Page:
It’s a Monday morning and a new week is promised.
I start my day with a gentle run (yes, quite!) as I find this sets me up for the rest of the day. For me, time on my own supports my own mental health and I can selfishly revel in the sunrise all on my own.
At SPFT We employ a hybrid approach to working which is a combination of clinic-based practice as well as working from home. Today starts at home and then I travel a few minutes to the clinic. I smile and feel like I'm winning already as I make a cup of tea and a flask. Working from home has increased my tea consumption 10 fold.
At the start of the working day I read through my emails and see if there have been any hospital admissions for my service users over the weekend. I breathe a small sigh of relief to find that I have no urgent emails notifying me of such and I can get on with what I had planned for the day.
At 10am I attend our MDT- Multi Disciplinary Team Meeting. These occur every day in my Team and this is the arena in which all cases that have been assessed are brought for a clinical discussion and plans made as to how to progress with the referral. Today we explored a very complex case where a young woman was mute- her voice was not heard at all throughout the Initial Assessment. Her Mam spoke for her and about her and was adamant in her request for medication and psychiatry review for her daughter. We explored this and decided that we did not have a clear formulation of her needs at this stage and we really need to hear her voice, in which ever way possible and this could not be communicated during the assessment. There are risks that need further exploration around potential low mood, trauma and anxiety. The team are wanting to know if art therapy can support in any way. We think creatively and after much discussion I suggest that I will write to the young person, initially introducing myself and the reason for my writing to her. Then I will signpost in the letter that I will write to her again in a couple of weeks, and this time include an SAE in case she wants to reply to me. The reason for this two-pronged correspondence approach is to acknowledge her anxiety in the first instance, and to allay any fears she may have, and to then send another letter in the hope that it may encourage a response. She can trust us, after all, I did what I said I would in that initial letter. This simple suggestion is grounded on sound attachment theory that it helps for a young person to know that they are being 'held in mind' and being thought about and that we are curious and keen to engage with them.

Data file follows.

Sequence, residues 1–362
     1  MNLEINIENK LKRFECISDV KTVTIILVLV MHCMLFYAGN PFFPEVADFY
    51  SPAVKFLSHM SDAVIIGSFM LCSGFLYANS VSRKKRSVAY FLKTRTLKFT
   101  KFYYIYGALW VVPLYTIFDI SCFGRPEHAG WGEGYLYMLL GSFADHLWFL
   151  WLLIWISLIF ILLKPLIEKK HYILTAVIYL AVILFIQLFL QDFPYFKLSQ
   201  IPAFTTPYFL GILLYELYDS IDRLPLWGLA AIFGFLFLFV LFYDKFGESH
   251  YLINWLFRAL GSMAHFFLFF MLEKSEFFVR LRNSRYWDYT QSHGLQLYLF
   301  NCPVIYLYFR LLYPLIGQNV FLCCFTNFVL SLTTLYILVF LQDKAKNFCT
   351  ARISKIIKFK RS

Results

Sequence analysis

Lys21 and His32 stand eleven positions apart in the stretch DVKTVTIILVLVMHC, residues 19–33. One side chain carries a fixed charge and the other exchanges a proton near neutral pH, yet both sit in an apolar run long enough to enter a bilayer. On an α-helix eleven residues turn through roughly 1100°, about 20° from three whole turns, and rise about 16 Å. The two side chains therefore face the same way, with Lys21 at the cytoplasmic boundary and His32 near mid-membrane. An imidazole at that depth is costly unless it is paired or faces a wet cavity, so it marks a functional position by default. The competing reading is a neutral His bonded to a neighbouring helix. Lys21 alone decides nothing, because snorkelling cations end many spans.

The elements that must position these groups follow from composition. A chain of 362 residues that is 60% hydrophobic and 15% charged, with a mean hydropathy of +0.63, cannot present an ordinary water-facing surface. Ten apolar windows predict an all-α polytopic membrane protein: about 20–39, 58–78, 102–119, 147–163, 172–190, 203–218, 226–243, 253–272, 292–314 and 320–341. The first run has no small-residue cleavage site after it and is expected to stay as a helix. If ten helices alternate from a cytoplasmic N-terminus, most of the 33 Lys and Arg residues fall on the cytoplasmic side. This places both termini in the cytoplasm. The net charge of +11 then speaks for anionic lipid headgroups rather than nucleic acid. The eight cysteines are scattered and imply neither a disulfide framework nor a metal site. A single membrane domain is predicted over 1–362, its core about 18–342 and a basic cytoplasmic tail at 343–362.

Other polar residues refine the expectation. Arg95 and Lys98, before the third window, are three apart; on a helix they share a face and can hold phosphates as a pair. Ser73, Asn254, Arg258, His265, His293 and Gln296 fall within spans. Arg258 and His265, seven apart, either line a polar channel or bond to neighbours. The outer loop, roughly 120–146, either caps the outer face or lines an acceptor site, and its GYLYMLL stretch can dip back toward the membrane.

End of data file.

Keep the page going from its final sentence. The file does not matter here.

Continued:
The team are really pleased with this suggestion:- I, on the other hand think that it is number 57 on my To Do list for the week and I have not even discussed this with the admin team who are ever so supportive to us. But we are a team, we stand shoulder to shoulder with each other in our support of our service users.
The team is incredibly supportive of the Arts Therapists and I genuinely feel a warmth of respect from them all. They support me without judgement as I decorate the halls for different occasions.
Together as a team we bask in the praise that the service users give us as they see the decorations and a sense of 'wowness' is created. CAMHS is suddenly cool. They do not need to know the sound clinical reasons behind this, that I want to foster in them the notion that change can be good, they deserve good things to happen to them and as a clinician, I am prepared and ready for them, no matter what uncomfortable, dark shadow things they want to share with me. They are safe with me and I trust them. They are used to using blades against their skin and here I am, supporting them to use knives and carving tools and they feel safe. Change really can be exciting.
I arrive at the clinic and supervise an Art Therapist who works in the community. I feel so humbled when I hear about how she engages the young people who really struggle to express themselves. I wonder if she knows that my supervision of her practice is actually a two- way process where I learn so much from her.
I then prepare for my three sessions of art therapy that afternoon. I have already done the thinking time around these sessions as I get out their previous work and any other materials that may be pertinent for them. Each session is almost staged for them individually; certain pens are brought out, images that have been created and revisited are placed in the same spot and I check quickly to see if there is anything out that should be there, such as bits of rubbish left from previous room users. I sit for a few moments and breathe; I am composed, in a neutral gear and I can now go and collect my young patient.
What I haven’t shared is that with me is Hettie, my qualified therapy dog whom joins us in our sessions. We leave the clinic room together and walk to pick up our patient who is patiently waiting for us. As soon as she sees Hettie she is up, exclaiming 'Hettie, oh Hettie!' Hettie matches this excitement and eagerly wags her tail in anticipation of the hugs and fuss she is about to receive.
I see my patient beam, literally as she is engaged and has a purpose, even if just for that moment, to bend down, call out for Hettie and respond to her hugs. It does not surprise me that in the evaluation card that my patients complete after each session, Hettie features heavily as the thing that makes my patients feel better.
Hettie gallops towards her with abandonment and I see the foster carer smile too. I was once taught that if I concentrated really, really hard in the first few moments of a session, I would have done the hard bit, so by the time we arrive in the clinic room I am aware of any new clothes being worn, any slight body movements such as a slight rise in shoulders and also any changes in their breathing, intonation and presentation. My session has already started.